New MSc Global Health Policy blogger Sandra writes:
Over the New Year period I embarked on a great adventure doing a three-week nursing observational period at the famous Maimonides Medical Center in Brooklyn, NY. Part of my afternoons I spent at their very well-equipped Degenshein Memorial Library to study for my elective modules and work on the proposal for my MSc project report, but more than six hours a day I was following nurse managers, clinical nurse specialists, registered nurses, nurse practitioners and nurse preceptors (trainers) while I penned down noteworthy observations and made the best out of this learning experience.
The first thing the Maimonides Department of Nursing Education requested me to do before I got to the U.S. was to ensure they brought in a nurse whose medical file was in order. This included a physical examination, immunity status testing, an influenza vaccination and even a tuberculin skin test. To my big surprise the latter was negative even if over the last decade I had spent considerable time in MDR wards, TB centers and even prisons as a Stop TB ambassador for the high burden countries of Eastern Europe and Central Asia!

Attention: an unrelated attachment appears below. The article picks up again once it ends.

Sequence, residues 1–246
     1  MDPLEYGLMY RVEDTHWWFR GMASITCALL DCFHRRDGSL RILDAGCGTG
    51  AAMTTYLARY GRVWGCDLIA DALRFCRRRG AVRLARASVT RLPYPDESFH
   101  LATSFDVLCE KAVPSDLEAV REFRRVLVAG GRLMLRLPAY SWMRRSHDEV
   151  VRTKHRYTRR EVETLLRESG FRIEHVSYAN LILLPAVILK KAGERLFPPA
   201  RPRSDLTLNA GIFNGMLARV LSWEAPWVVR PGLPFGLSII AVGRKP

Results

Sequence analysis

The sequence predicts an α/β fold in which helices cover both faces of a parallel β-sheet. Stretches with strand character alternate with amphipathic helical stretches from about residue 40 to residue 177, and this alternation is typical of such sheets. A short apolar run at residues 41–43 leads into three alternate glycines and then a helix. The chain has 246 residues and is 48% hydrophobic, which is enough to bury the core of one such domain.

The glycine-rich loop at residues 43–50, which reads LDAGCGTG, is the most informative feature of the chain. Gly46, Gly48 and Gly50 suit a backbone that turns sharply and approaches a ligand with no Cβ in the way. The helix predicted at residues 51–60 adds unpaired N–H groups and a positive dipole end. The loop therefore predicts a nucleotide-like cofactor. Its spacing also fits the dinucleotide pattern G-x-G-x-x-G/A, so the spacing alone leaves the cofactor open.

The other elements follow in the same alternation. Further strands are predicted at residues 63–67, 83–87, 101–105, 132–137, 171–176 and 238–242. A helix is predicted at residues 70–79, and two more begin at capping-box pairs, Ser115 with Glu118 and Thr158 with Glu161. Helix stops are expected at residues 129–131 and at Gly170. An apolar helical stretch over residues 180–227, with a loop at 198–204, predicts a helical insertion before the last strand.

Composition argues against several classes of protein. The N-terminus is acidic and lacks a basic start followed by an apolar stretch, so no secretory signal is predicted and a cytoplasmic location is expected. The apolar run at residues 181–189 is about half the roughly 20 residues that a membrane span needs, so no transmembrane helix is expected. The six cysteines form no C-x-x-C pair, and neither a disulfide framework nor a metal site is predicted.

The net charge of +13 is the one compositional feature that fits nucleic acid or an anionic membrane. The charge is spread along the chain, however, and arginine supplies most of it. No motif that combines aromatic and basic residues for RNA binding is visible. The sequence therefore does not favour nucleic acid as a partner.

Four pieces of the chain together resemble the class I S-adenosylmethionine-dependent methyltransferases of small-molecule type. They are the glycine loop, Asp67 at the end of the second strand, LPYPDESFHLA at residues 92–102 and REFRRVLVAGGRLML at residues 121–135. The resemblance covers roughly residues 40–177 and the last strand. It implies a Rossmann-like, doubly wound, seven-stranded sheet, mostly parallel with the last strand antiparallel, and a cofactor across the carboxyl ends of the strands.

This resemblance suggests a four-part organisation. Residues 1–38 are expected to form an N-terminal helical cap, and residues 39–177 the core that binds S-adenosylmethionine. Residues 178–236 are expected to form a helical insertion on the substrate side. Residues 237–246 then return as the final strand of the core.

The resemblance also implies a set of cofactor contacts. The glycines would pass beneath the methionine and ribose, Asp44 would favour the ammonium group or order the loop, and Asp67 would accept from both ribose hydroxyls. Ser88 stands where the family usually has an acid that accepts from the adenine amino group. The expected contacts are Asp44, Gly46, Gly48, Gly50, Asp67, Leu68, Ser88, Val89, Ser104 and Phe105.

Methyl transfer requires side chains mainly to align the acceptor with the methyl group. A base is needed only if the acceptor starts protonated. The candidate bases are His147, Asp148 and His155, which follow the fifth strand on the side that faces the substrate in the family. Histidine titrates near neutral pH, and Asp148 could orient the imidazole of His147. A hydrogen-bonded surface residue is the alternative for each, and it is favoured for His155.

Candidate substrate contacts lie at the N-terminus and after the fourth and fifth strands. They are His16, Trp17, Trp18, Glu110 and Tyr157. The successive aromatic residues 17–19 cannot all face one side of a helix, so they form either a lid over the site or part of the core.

I choose to be mainly in the Oncology Department and the Cancer Center as my LSHTM project report topic is opioid pain relief in palliative care and I have experience as a palliative care nurse in Tbilisi, Georgia.